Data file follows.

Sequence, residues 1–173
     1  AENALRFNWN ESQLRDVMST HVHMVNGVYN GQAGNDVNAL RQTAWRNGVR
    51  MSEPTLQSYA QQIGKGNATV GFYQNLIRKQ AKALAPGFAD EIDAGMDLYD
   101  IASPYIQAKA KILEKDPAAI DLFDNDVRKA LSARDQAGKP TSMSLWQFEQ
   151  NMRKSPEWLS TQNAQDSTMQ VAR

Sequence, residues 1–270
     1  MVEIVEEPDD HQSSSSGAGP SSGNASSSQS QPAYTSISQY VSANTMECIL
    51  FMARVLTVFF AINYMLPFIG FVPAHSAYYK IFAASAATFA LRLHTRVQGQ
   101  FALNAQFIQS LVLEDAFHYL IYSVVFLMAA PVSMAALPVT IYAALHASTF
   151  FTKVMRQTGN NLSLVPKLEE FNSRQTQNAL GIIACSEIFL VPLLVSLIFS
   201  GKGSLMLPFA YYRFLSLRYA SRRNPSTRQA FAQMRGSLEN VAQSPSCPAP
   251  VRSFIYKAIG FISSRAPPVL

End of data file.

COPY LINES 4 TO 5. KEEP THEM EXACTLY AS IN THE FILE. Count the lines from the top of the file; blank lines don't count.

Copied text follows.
   101  IASPYIQAKA KILEKDPAAI DLFDNDVRKA LSARDQAGKP TSMSLWQFEQ
   151  NMRKSPEWLS TQNAQDSTMQ VAR